Monday, May 7, 2012

Blocking Unwanted Websites from Google Searches

I had been using the Optimize Google add-on in Firefox, and the Search Engine Blacklist extension in Chrome, to keep unwanted websites from clogging up my searches.  I especially like the approach of Optimize Google:  it would still show the sites that I was blocking, but they would be greyed-out.  This made it easier to keep an eye on what I was blocking.  I didn't want to be accidentally preventing myself from seeing good sites.

Unfortunately -- in Firefox 8 and 10, as distinct from Firefox 3 -- OptimizeGoogle was messing up my Google search tools.  I noticed it particularly in my ability to select a date range for a search.  Meanwhile, in Chrome, I eventually found that Google offered an option to Manage Blocked Sites -- but in that option, as in Search Engine Blacklist, I had to enter each website manually, rather than just pasting in a list from a file, as Optimize Google would let me do.  Even if these extensions had worked perfectly and easily, they still didn't help with other browsers (e.g., Internet Explorer, Opera).

I found a Computrick webpage that told me I could block out websites for all browsers in one move.  The recommended approach was to open the Hosts file in C:\Windows\System32\drivers\etc. (elsewhere in earlier versions of Windows).  (It would apparently take administrator privileges to modify that file.)  The modification was to add lines like this to the end of that Hosts file: localhost
In other words, each line would begin with "" followed by at least one space, and then the brief URL of the unwanted website.  As that example shows, I was supposed to enter the site's URL both with and without the "www" prefix.  The first line,, was apparently required to make the process work.  It was already there in Hosts, but it was commented out (i.e., its line was prefixed with a # symbol, making it nonoperational).  So I removed the # symbol before that line to make it work, and likewise for the next line, the last one that was already there when I first opened Hosts:  ::1.

I still had the list of sites that I tended to paste into Optimize Google's filter list.  I pasted that list into Excel, worked up formulas to produce the two versions suggested above (i.e., with and without the "www"), pasted those into Hosts, and saved it.  As soon as I did that, Microsoft Security Essentials (my antivirus program) popped up a message warning of a potential security threat.  I told it to Allow this instance.

I had decided to look into this website-blocking issue because I had just done a Google search that was plagued by sites I did not want to see.  I suspected that some of them were probably on that long list of unwanted sites that I had developed.  So now I hit F5 to refresh that search.  It didn't look like anything had changed.  I was looking particularly at one website that I knew I didn't want to see in my search results.  I made a point of adding it to Hosts, and I saved Hosts again.  Then I hit F5 to refresh the webpage again.  The unwanted site was still listed.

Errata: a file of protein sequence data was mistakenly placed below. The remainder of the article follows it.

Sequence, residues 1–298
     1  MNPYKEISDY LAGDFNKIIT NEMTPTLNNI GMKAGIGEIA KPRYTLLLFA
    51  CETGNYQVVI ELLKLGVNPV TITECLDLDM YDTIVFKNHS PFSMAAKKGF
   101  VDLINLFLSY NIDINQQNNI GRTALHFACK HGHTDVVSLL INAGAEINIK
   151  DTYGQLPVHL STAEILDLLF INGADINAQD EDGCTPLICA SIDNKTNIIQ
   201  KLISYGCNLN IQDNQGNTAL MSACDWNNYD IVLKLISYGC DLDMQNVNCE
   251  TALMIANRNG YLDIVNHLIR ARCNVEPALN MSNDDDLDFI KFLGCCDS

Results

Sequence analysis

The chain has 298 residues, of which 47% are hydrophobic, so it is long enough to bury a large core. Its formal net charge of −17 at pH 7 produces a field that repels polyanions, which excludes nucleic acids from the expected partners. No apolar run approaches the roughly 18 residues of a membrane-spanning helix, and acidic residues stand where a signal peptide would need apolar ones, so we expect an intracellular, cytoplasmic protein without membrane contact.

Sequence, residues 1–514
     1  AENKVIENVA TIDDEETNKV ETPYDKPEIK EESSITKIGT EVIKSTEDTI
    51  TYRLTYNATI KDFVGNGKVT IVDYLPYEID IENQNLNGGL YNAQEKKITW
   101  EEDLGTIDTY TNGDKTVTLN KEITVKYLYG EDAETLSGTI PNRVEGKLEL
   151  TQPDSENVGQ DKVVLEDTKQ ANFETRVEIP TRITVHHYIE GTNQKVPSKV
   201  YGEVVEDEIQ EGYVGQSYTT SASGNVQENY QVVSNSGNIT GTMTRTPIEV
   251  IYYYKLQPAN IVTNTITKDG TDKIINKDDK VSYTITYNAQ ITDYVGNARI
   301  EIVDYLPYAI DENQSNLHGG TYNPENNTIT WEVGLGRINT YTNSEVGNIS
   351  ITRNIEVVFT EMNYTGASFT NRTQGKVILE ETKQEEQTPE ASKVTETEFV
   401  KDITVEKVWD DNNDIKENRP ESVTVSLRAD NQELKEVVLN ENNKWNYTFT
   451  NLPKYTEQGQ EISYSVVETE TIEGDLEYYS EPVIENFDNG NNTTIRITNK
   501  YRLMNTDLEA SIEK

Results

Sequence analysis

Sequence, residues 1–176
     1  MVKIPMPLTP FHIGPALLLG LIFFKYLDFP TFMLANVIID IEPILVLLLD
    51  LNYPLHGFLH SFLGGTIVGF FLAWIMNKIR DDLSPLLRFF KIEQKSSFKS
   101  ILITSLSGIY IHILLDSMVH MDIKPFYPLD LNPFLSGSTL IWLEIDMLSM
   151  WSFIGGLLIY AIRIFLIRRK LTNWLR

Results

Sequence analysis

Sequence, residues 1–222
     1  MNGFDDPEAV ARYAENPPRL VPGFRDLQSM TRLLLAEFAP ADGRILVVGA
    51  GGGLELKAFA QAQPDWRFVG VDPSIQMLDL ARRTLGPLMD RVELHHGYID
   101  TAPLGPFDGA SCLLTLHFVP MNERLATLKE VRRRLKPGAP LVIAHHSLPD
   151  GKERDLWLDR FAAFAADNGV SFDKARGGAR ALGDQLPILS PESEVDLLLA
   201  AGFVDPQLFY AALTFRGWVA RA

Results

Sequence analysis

Further investigation led to an post that said Hosts was loaded at startup.  So apparently I would have to reboot the system for it to take effect.  This would be another drawback in comparison against a tool like Optimize Google, which could be fine-tuned on the fly to keep removing unwanted sites until my search results would be as pure as the driven snow.  OptimizeGoogle would also let me designate subparts of a website (e.g.,

I was thinking it would be great if someone had cooked up a list of suspicious or unwanted websites.  Presto!  Ask, and it shall be given unto you.  Someonewhocares posted a truly monumental Hosts file, free for the copying.  I was pretty sure that, if I pasted their Hosts file into mine, I would not be troubled by contacts from anyone anymore.  I was intrigued, but I decided that I would work into this thing more gradually, starting with my modest list of a hundred or so sites that I wanted to block.

While browsing this subject, I came across a long discussion that looked like it would have been interesting, if I had been interested.  One topic that did have potential had to do with sites like  It sounded like my browsing might speed up if sites like that were not bogging down my system.  I went back to the webpage and searched for ad.doubleclick.  They did have a few lines for websites like that.  But their comments indicated that blocking those sorts of ad sites could mess up some retailers' websites (e.g., Sears) and also Google itself.  I decided not to proceed further with that issue at this point.

I saved my newly revised Hosts file.  I also saved a copy of it to another drive, to be protected in case I had to reinstall Windows for some reason.  When I rebooted, I took another look at that most recent Google search.  No effect:  the unwanted sites were still there.  That was in Opera.  I tried the same search in Firefox, Internet Explorer, and Chrome.  Same result:  nothing had been filtered.  I looked again at C:\Windows\System32\drivers\etc\hosts.  It was still there, and it still contained the list of unwanted websites.

That was as far as I got with this project at this point.



I decided to try the approach of manually entering unwanted sites in Google > Search Settings > Block Unwanted Sites. I chose this approach based on the claim that Google might use our block lists, collectively, to adjust search results.

Rana Adeel

Wow that's great addition for Google service it will help to fight spam. Thanks for sharing


Another site has a Greasemonkey script that, so far, is working well for this.